Topics: Class, Environment, Feminisms, Feminist Political Ecology, Gender, Race

Year: 2017

Emotional Political Ecology

Citation:

Sultana, Farhana. 2017. “Emotional Political Ecology.” In The International Handbook of Political Ecology, edited by Raymond L. Bryant, 633-645. Cheltenham: Edward Elgar Publsihing

 

Author: Farhana Sultana

Annotation:

Summary:
This chapter develops an emotional political ecology approach by integrating scholarship in feminist political ecology, resources management and emotional geographies. Emotions matter in resource struggles. They influence outcomes of practices and processes of resource access, use and control while shaping how resources-related interactions are actually experienced in everyday lives. I demonstrate the importance of heeding the various emotions and meanings attached to resource access, use and conflict in order to better elucidate the emotionality thereby engaged in everyday struggles. Through a case study of a water crisis, the chapter draws attention to the emotional geographies of water that are important in explaining the ways that feeling subjects relate to water and how water mediates broader social relations. Conflicts over resources are thus as much about embodied emotions, feelings and lived experiences as they are about property rights and entitlements, long the focus in political ecology. Not only does such an approach lead to greater nuance in understanding resources struggles and politics; it also rejects the idea that ‘real’ scholarship is about ‘rational’ social interactions over resources that leaves emotive realities about how resources are accessed, used and fought over firmly to one side. Indeed, (feminist) political ecology will be immeasurably strengthened when often abstract articulations of ‘resource struggles’ and ‘resource conflicts’ are grounded in embodied emotional geographies of places, peoples and resources, enabling enhanced comprehension of how resources and emotions intermingle in everyday resource management practices. I believe that more comprehensive and productive analyses are possible that can greatly expand current debates to better explain why and how specific nature–society relations play out the way they do. An emotional political ecology approach thus elucidates how emotions matter in nature–society relations, and can thus greatly enhance future political ecology scholarship. (Summary from ElgarOnline)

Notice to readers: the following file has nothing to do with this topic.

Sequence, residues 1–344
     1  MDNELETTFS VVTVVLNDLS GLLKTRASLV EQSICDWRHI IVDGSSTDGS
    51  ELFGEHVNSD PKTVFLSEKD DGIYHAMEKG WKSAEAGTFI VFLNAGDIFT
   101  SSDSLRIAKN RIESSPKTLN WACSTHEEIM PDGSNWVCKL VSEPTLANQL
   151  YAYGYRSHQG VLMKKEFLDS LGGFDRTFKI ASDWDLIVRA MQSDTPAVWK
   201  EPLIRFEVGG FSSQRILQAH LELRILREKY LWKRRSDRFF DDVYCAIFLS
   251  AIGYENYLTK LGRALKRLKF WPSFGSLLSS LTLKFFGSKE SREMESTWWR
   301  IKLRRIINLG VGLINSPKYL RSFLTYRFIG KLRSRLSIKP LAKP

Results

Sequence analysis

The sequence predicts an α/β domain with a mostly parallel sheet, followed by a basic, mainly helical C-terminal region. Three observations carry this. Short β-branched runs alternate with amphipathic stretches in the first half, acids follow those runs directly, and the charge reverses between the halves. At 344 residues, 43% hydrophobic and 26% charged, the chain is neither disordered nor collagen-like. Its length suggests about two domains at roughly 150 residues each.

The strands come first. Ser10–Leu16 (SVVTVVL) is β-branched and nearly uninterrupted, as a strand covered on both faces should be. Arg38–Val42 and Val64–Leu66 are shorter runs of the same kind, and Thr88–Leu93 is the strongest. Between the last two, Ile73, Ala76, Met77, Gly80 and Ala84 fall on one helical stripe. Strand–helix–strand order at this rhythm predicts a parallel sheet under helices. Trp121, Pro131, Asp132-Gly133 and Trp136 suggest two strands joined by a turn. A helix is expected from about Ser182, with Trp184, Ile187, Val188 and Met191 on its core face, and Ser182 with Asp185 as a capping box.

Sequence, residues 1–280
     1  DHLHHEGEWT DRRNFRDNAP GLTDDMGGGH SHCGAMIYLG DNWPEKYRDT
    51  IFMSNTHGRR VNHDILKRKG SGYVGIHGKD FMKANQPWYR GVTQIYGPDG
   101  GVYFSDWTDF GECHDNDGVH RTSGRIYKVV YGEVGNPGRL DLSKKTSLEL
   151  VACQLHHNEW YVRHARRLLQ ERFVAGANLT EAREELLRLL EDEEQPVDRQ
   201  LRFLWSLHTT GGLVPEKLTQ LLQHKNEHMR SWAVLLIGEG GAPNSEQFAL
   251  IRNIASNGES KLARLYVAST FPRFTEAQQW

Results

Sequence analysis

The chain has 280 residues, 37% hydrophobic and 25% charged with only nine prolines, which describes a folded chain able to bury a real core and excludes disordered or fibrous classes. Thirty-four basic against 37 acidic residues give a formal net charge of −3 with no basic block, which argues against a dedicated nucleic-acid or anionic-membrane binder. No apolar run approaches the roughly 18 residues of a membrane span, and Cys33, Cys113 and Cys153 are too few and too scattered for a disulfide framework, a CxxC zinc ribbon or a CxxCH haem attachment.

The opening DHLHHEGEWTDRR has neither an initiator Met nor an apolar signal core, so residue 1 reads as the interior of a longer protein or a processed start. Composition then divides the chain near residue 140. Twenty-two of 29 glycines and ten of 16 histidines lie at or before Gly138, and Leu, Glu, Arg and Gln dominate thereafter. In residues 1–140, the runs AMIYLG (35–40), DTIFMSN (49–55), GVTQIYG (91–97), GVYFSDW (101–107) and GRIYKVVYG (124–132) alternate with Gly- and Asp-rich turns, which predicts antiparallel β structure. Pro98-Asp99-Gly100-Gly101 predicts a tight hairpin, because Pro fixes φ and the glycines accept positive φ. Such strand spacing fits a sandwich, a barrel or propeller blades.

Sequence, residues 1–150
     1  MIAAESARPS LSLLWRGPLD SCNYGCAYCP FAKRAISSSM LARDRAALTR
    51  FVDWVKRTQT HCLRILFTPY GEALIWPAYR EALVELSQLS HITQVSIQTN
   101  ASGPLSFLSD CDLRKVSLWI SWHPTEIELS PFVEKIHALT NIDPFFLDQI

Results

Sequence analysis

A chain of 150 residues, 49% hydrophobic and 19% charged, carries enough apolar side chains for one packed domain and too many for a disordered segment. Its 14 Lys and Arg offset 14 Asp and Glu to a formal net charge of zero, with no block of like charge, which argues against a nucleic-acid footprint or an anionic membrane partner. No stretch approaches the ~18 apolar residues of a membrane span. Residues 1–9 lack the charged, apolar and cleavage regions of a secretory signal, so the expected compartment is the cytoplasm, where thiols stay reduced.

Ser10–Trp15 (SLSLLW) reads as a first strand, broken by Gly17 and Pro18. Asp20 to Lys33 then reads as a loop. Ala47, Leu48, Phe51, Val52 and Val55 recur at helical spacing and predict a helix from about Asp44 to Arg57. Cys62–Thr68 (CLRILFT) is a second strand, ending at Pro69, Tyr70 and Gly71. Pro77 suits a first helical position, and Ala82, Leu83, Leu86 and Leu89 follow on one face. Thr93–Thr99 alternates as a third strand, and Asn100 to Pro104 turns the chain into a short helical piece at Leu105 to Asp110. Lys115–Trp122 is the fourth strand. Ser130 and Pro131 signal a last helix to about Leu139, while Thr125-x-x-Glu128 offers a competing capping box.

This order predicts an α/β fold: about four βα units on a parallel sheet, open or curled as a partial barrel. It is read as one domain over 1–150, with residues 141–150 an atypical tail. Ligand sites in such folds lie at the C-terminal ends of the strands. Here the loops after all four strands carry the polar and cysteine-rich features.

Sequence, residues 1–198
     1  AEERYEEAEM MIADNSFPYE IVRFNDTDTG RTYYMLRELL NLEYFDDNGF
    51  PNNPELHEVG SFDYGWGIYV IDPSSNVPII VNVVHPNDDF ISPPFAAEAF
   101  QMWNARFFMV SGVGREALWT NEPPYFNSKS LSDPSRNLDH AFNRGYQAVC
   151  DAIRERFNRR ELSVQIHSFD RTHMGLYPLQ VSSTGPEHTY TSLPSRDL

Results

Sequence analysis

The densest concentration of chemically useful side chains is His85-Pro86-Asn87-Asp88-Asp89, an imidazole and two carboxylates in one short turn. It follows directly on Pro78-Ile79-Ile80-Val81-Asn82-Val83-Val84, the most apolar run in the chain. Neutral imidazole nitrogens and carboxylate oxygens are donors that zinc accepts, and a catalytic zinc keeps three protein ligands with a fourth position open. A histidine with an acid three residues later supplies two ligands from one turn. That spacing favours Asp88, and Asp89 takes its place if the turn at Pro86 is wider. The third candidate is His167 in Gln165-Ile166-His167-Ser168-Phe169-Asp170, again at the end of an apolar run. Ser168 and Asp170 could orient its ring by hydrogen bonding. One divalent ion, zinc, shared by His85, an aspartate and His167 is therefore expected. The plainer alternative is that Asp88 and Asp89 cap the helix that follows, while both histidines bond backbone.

Topics: Conflict, Resource Conflict, Feminisms, Feminist Political Ecology, Infrastructure, Water & Sanitation

Year: 2017

Political Ecology in the Key of Policy: From Chains of Explanation to Webs of Relation

Citation:

Rocheleau, Dianne E. 2008. “Political Ecology in the Key of Policy: From Chains of Explanation to Webs of Relation.” Geoforum 39 (2): 716-27.

Author: Dianne E. Rocheleau

Abstract:

Political ecology (PE) is rooted in a combination of critical perspectives and the hard won insights distilled from field work. The theoretical base of political ecology was joined, by Piers Blaikie and others, to an unflinching commitment to empirical observation of biophysical and socio-economic phenomena in place. To this already ambitious mix was added a practical intent to contribute to material as well as social change: a practical political ecology of alternative development ran beneath the surface of much of this work. For many this led to serious encounters with policy and the machinery of policy research institutions. While seemingly contradictory with the critical tenets of political ecology, Blaikie’s pursuit of this pathway led beyond the ivory tower to Political Ecology in the Key of Policy, initially to inform national and international policy and eventually expanding – through the work of second-generation PE – to address internal policy in social movements and alternative development networks. Among recent variations on political ecology that have built partly on the work of Blaikie, Feminist Political Ecology (FPE) expands PE to address women as a group, and gender as a category. FPE and post-structural PE are based on multiple actors with complex and overlapping identities, affinities and interests. An emergent wave of political ecology joins FPE, post-structural theory, and complexity science, to address theory, policy and practice in alternatives to sustainable development. It combines a radical empiricism and situated science, with feminist post-structural theories of multiple identity and “location”, and alternative development paradigms. This approach honors the legacy of Piers Blaikie and other PE founders yet incorporates the insights and political projects of feminism, post-structural critique and autonomous or alternative development movements.

Keywords: Blaikie, political ecology, hybrid ecologies, feminist, post-structural, policy, development

Topics: Feminisms, Feminist Political Ecology, Gender, Women

Year: 2008

Maps, Numbers, Text, and Context: Mixing Methods in Feminist Political Ecology

Citation:

Rocheleau, Dianne. 1994. “Maps, Numbers, Text, and Context: Mixing Methods in Feminist Political Ecology.” The Professional Geographer 47 (4): 458-66.

Author: Dianne Rocheleau

Abstract: